We are, as you probably know, currently being overwhelmed by religious news. Religion is a serious subject, of course, and not one that lends itself in any way whatsoever to juvenile humor, such as referring to the new leader of the Catholic Church as Pope "Eggs" Benedict XVI. Such a thing would be considered sacrilegious and could cause a massive bolt of lightning to burst from the sky and hopefully strike Michael Jackson in the crotch (newspaper headline: "God Weighs In On Jackson Molestation Trial").
And it's not just the events at the Vatican, with the huge puff of white smoke last week signaling that somehow Charlie Sheen had gotten inside with a bag of pot. Other things have caused religion to swirl all around us, to use the age-old expression, "like Colorado state Sen. Ed Jones' $27 toupee in a wind storm."
At our very own Air Force Academy, for example, a chaplain told cadets last summer that those not "born again will burn in the fires of hell." That incident was included in a recent report that indicated academy administrators favor Christian cadets over non-Christians.
'One nation, under your belief system'
This might help explain one of the academy's proudest and most cherished traditions, celebrated each Wednesday from noon to 6 p.m. The tradition is called Letus Standei Pushupus Israelus, or "Let's Stand Around and Watch the Jews Do Pushups."
The report, compiled by impartial, non-academy observers, said Christian cadets were told by academy officials that Jesus had "called" them to the academy and military life. Proof of this link between cadets and the Savior came at the end of their very first day at the academy, when nearly all of the young men wanted to crucify the academy barber.
(In another sign from the Bible, the cadets would then spend the first weekend trying to "know" as many of the female cadets as possible.)
Academy spokesman Johnny Whitaker said new training is underway to make the academy more tolerant of all religions. "The focus of our training is respect," Whitaker told Denver Post reporter Erin Emery. "That's what this training is about: your right to believe what you want, or not at all."
Footnote: Later that night, reporter Emery's backyard garden was destroyed by a swarm of locusts.
And just up the road from the academy in Jefferson County, God and religion also became a big issue last week when a middle school guidance counselor led the Pledge of Allegiance over the school's intercom system and replaced the line "One nation, under God."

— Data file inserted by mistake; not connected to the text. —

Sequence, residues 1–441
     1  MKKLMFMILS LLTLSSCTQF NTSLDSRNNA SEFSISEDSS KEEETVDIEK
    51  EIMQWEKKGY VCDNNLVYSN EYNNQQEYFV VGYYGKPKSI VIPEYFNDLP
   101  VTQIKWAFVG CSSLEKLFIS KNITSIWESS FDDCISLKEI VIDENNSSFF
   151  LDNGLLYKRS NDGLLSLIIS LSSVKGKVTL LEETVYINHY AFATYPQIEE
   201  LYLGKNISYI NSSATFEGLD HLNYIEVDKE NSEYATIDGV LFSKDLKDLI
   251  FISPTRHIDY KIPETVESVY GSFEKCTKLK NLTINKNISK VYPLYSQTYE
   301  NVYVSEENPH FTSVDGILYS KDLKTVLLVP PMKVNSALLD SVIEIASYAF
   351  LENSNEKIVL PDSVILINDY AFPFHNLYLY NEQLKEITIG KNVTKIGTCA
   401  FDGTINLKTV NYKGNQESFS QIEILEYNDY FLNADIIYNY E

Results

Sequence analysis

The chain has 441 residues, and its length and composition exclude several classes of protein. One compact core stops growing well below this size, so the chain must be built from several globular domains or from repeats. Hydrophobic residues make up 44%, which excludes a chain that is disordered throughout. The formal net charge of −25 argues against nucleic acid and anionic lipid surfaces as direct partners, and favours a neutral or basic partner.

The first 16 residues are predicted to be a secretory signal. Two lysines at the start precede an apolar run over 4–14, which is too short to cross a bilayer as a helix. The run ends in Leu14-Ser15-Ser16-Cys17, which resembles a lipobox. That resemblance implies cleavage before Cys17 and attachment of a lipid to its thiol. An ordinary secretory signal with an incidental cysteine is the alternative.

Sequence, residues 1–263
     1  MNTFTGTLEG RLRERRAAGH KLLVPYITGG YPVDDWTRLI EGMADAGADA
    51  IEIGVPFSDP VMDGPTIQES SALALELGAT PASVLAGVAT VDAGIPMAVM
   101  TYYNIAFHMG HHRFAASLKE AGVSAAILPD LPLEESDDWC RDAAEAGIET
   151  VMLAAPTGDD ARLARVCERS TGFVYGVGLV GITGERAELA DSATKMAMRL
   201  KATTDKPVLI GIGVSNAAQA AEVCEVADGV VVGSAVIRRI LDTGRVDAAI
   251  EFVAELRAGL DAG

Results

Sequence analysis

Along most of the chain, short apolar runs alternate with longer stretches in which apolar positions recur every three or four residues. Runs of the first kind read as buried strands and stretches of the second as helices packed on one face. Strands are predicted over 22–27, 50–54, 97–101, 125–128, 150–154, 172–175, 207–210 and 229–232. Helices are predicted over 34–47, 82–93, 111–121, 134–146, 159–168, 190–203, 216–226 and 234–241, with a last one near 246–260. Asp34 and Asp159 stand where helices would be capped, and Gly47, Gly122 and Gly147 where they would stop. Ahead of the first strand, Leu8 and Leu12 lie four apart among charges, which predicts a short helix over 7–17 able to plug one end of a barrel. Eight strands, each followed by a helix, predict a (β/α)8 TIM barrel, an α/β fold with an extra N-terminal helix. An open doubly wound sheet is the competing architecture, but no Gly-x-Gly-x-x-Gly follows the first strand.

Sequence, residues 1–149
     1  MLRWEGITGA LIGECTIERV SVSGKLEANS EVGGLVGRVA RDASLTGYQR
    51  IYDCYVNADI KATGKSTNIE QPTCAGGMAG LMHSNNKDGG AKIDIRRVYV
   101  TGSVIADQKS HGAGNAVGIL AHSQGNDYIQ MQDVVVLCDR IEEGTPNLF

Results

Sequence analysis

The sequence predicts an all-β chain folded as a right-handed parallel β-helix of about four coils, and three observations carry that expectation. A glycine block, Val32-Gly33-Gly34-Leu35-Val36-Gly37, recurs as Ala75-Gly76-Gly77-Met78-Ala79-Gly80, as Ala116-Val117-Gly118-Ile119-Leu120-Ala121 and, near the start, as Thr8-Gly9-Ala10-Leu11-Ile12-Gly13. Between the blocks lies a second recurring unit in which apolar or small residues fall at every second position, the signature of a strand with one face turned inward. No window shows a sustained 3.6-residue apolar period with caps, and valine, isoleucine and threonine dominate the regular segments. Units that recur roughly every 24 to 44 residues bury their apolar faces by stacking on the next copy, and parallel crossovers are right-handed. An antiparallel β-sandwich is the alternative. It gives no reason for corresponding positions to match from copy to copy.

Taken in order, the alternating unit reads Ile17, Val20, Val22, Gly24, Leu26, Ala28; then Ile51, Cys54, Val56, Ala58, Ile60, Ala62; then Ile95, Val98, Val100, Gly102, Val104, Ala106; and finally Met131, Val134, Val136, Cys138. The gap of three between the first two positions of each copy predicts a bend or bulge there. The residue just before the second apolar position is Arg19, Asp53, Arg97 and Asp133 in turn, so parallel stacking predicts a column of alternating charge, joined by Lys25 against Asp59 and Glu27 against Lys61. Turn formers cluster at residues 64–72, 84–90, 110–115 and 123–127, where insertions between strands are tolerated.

Instead -- and I am not kidding about this -- Everitt Middle School counselor Margo Lucero recited this line: "One nation, under your belief system."
I often use that very same reference. Especially when I'm playing golf with my Muslim, Hindu and atheist friends and I don't want to offend them. Last Saturday, for example, I sliced my drive into a lake and bellowed "my belief system dammit" before snapping the club over my knee and throwing it into the woods.
The immorality of cross-dressing teachers
Just a day later, the Colorado Senate briefly halted its usual business (taking handouts from developers and making jokes about Sen. Jones' wig) to debate a bill that would protect gays and lesbians from workplace discrimination. During the heated discussion, several state senators mentioned "God," "religion" and even "the creator of this universe" (an apparent reference to local builder Steve Schuck).
The highlight of the religious debate in the Senate came when everyone laughed at Sen. Doug Lamborn (R-Colorado Springs by way of Pluto), who proposed an amendment that would allow public schools to adopt rules banning -- again, I am not kidding -- "cross-dressing teachers."
Lamborn's proposal was quickly rejected, with our lawmakers realizing that a cross-dressing teacher isn't such a bad idea in these days of rampant sexual encounters between teachers and students. (Studies have shown that when Mr. Schmidlap, the woodshop teacher, is wearing a dress and 6-inch heels, he's more likely to have a passionate love affair with himself -- thus freeing up his students for more normal and appropriate school behavior such as horsing around near the table saw.)
But no firestorm of religion would be complete without hearing from our friends at Focus on the Family, who last week took a few moments from their important regular duties (tearing open cash-filled donation envelopes sent in by uneducated, bewildered people in places such as Kentucky and, well, Kentucky) to accuse U.S. Sen. Ken Salazar of being too Catholic.
Focus's head donation envelope-opener, James Dobson, went on TV last Thursday to blast Salazar and also to defend the anti-Catholic rantings of a Focus board member who called Catholicism a "false church."
The Focus official, R. Albert Mohler Jr., who actually lives in, let's see here ... Kentucky, has said: "The Roman church is a false church and it teaches a false gospel. And the pope himself holds a false and unbiblical office."
The highly esteemed Mohler would have talked more about religion, but he had to rush back into his kitchen because the squirrel stew was boiling over and ruining his wife's brand-new dirt floor.
Listen to Rich Tosches Thursday mornings on the "Coffey and Alisha Show" on KVUU-FM, 99.9.